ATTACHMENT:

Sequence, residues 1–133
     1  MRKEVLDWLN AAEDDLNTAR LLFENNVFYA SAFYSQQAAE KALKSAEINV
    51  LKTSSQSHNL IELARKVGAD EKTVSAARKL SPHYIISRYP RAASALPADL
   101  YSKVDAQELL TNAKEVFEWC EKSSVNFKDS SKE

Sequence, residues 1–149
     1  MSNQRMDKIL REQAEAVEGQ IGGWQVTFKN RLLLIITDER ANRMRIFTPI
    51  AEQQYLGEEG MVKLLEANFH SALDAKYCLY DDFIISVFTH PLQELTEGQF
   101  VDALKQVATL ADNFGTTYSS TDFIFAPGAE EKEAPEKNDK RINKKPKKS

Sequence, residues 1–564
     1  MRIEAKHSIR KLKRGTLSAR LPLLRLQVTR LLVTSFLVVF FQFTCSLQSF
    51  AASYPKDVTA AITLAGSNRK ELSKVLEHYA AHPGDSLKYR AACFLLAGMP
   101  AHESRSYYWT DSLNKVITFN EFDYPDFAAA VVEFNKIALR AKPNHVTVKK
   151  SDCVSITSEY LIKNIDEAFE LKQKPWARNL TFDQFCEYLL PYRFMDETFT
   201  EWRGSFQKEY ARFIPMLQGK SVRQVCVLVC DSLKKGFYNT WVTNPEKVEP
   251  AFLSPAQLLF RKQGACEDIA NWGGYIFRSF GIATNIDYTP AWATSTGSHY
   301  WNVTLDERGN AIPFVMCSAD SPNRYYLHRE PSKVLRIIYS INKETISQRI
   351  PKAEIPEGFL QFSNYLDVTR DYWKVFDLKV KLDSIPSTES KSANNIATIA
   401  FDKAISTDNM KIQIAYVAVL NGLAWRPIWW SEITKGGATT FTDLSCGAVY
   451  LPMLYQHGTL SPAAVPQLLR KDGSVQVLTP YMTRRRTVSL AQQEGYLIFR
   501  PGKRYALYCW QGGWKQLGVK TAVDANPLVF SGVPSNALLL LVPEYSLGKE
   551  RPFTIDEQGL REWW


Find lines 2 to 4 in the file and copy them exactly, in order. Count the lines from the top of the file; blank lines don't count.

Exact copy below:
     1  MRKEVLDWLN AAEDDLNTAR LLFENNVFYA SAFYSQQAAE KALKSAEINV
    51  LKTSSQSHNL IELARKVGAD EKTVSAARKL SPHYIISRYP RAASALPADL
   101  YSKVDAQELL TNAKEVFEWC EKSSVNFKDS SKE